INTERDEPENDENCIES REQUIRED FOR SUSTAINABILITY
By Todd Scaletta
Our world is based on nested dependencies (see work by Bob Doppelt, Peter Senge as well as Bob Willard). The environment is all-encompassing with society being nested in the environment and in turn business being nested within the environment and society. I have often used a quote from Björn Stigson, former President of the World Business Council for Sustainable Development (WBCSD) – it is as follows: “Business cannot succeed in societies that fail. Likewise, where and when business is stifled, societies fail to thrive.”
Societies can fail due to economic, social and/or environmental reasons so a balance and a relationship among these elements needs to be understood in order to achieve real wealth creation today and for future generations.
Being a father of three children, I tend to have a future-oriented focus. What will the world be like in the years ahead for my children, grandchildren and great-grandchildren?
I am fortunate that my role at Chartered Professional Accountants of Canada (CPA Canada) allows me to explore, develop and test forward-thinking ideas that can help position the accounting profession to effectively address sustainability issues. As Peter Bakker, current President of WBCSD, has famously stated on numerous occasions “Accountants will save the world.” The competencies of professional accountants can be invaluable to organizations seeking to be more sustainable.
I had the fortune of meeting Paul Hawken, author of “The Ecology of Commerce”, and I asked him: “Do sustainability issues need to be measured in order to be effectively managed?” Paul’s response was “Yes, they need to be measured in order to be managed but they do not need to be monetized in order to be managed.”
Organizations, no matter their size or the sector in which they operate, can benefit by focusing on sustainability. The practice can help to better identify and understand key risks, opportunities and stakeholders. Effective measurement then allows the organization to determine if its goals are being achieved.
I live in Winnipeg and the city provides an excellent example of a sustainability effort. A website that was developed with resources from the International Institute of Sustainable Development and United Way Winnipeg is called MyPeg (www.mypeg.ca). This website provides the user with economic, environmental and social data about Winnipeg in order to track and inspire transformation to a more vibrant and thriving city. Having the necessary data accessible in order to measure and manage sustainability initiatives is critical for success but what is ultimately required is action. However, to achieve the goal of a more vibrant city, the strategies and visions of residents, community groups, business leaders, politicians and others must align. Society, business and the environment are always interconnected.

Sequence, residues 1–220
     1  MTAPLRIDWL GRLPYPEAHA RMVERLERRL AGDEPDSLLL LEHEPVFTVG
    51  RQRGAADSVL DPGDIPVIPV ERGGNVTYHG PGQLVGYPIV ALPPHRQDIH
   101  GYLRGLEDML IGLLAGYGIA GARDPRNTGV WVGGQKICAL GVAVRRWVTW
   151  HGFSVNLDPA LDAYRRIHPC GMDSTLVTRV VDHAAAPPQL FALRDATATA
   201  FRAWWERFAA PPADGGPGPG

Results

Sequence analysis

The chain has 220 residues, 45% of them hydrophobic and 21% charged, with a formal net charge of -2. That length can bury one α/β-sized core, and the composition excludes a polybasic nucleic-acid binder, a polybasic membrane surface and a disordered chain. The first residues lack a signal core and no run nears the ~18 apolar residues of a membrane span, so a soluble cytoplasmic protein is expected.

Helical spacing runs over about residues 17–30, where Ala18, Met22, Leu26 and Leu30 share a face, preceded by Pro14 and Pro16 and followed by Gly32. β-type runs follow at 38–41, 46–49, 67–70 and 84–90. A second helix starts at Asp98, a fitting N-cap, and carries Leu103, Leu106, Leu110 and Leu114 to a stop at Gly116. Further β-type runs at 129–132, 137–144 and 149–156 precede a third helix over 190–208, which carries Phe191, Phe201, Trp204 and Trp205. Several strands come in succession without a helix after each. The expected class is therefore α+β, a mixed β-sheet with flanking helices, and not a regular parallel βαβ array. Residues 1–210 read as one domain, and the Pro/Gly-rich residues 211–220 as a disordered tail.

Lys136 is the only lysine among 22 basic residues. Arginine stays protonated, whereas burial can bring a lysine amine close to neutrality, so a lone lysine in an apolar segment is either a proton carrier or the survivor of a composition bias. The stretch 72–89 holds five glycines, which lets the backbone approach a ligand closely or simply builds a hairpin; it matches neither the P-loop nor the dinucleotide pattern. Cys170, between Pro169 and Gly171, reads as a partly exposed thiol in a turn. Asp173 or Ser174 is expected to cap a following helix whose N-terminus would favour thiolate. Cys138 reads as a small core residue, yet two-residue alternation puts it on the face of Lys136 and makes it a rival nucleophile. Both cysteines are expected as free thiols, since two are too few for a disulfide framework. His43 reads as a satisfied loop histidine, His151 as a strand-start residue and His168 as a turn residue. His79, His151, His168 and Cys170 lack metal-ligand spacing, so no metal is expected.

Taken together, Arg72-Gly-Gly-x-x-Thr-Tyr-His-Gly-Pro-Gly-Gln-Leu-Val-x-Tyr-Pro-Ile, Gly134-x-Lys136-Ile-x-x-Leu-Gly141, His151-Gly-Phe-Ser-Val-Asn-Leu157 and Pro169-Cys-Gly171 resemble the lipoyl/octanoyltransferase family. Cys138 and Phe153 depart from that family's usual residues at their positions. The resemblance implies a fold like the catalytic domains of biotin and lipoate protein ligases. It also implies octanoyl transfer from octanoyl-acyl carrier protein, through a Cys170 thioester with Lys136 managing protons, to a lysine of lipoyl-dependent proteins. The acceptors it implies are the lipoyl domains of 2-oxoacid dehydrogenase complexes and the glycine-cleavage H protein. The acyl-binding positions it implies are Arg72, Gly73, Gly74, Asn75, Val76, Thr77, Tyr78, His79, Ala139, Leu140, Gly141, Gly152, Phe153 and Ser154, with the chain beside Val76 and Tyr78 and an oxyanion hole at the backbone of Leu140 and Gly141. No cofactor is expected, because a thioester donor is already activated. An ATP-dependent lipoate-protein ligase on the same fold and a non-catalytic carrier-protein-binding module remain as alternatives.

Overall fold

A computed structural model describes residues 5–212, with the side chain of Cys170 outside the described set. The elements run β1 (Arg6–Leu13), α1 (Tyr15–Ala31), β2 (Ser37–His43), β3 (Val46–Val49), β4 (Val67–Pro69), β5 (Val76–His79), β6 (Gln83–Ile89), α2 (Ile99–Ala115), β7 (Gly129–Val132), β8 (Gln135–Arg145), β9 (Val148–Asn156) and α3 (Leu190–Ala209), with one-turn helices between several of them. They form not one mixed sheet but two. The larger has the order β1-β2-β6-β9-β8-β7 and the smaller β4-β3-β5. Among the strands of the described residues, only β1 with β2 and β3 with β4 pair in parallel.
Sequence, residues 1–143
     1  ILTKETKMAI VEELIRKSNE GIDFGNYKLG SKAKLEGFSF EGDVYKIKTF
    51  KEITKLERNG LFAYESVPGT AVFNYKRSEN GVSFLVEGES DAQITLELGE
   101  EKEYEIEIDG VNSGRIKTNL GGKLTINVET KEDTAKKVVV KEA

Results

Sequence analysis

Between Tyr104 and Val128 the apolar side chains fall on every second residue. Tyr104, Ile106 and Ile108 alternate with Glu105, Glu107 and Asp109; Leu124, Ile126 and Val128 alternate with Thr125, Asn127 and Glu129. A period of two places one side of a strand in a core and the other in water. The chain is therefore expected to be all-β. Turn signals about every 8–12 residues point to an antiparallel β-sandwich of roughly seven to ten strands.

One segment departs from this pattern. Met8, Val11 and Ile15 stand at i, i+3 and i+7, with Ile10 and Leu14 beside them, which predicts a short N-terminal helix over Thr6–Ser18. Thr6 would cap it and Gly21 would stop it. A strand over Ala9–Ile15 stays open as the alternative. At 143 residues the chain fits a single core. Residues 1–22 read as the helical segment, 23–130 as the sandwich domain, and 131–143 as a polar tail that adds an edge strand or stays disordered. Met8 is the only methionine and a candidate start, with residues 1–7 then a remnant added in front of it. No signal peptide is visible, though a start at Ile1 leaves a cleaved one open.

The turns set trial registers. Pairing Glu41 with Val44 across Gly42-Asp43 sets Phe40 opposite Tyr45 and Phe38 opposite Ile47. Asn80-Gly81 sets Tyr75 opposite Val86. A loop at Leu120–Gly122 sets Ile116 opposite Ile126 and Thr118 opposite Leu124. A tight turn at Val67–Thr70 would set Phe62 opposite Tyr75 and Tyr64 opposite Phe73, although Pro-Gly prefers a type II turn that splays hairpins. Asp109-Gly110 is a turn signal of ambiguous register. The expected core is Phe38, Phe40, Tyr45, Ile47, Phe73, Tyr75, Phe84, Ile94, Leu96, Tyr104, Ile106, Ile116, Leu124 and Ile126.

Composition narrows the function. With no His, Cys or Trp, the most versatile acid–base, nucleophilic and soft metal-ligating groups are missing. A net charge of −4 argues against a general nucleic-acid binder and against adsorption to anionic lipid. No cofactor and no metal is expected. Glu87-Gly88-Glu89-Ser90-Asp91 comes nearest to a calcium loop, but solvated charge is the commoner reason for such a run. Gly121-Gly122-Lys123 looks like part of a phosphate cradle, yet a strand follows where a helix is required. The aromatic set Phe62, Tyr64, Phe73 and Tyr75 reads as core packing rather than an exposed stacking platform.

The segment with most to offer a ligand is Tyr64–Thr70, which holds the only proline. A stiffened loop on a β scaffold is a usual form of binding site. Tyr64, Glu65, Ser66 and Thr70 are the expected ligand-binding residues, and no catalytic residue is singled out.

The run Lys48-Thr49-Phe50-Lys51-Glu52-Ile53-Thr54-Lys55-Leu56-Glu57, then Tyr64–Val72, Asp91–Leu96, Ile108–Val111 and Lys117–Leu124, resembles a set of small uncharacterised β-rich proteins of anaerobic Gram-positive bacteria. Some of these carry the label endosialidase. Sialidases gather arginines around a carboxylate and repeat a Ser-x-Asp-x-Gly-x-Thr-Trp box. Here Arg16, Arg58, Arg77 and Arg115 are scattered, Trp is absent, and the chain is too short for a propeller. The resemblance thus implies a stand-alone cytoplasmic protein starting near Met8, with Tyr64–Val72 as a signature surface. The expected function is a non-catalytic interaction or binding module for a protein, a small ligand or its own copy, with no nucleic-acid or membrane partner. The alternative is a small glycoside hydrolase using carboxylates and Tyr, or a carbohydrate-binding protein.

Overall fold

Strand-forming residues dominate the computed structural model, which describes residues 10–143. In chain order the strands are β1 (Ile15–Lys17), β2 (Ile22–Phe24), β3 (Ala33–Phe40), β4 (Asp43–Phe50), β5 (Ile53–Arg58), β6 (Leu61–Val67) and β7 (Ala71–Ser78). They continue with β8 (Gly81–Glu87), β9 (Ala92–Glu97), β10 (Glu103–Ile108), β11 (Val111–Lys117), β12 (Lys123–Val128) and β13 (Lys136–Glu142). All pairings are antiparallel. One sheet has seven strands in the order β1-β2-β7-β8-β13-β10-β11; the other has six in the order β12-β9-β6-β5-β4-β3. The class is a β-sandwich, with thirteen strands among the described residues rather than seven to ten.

For many organizations, taking that first step toward sustainable practices and management is often difficult. I am glad to be part of a profession that is actively trying to help organizations focus on sustainability and effectively address the challenges that lie ahead
CPA Canada’s Director for Research, Guidance and Support
Todd Scaletta, MBA, CMA, FCMA, C.Dir has over 30 years of management accounting experience in various sectors including construction, education, financial services, not-for-profit and real estate.
Todd leads the conceptualization, formulation, and distribution of Chartered Professional Accountants of Canada (CPA Canada)’s research related to sustainability. Todd represents CPA Canada on the Accounting Bodies Network (ABN), International Federation of Accountants Committee (IFAC)’s Professional Accountants in Business (PAIB), and the Consortium for Advanced Management – International (CAM-I) Sustainability Interest Group.
He has written articles on sustainability from a management accountant’s perspective and has presented at several international conferences throughout North America on the subject of environmental sustainability.
We want a country in which:
- public, private and social sectors are engaged in active efforts to close the gap between the socioeconomic wellbeing of Indigenous and non-Indigenous people
- the public sector, private investors and philanthropists separately and collaboratively deploy financial capital to create positive social and environmental impact
- social innovation is an integral part of Canada’s innovation ecosystem, enabling civic institutions to co-create policies, initiatives and programs that enable citizens to contribute a diversity of skills and perspectives to Canadian society
- public, private and civil society sectors act collaboratively and courageously to advance human thriving and address shared challenges
- humans’ social and economic footprint is in balance with the natural ecosystems that sustain life.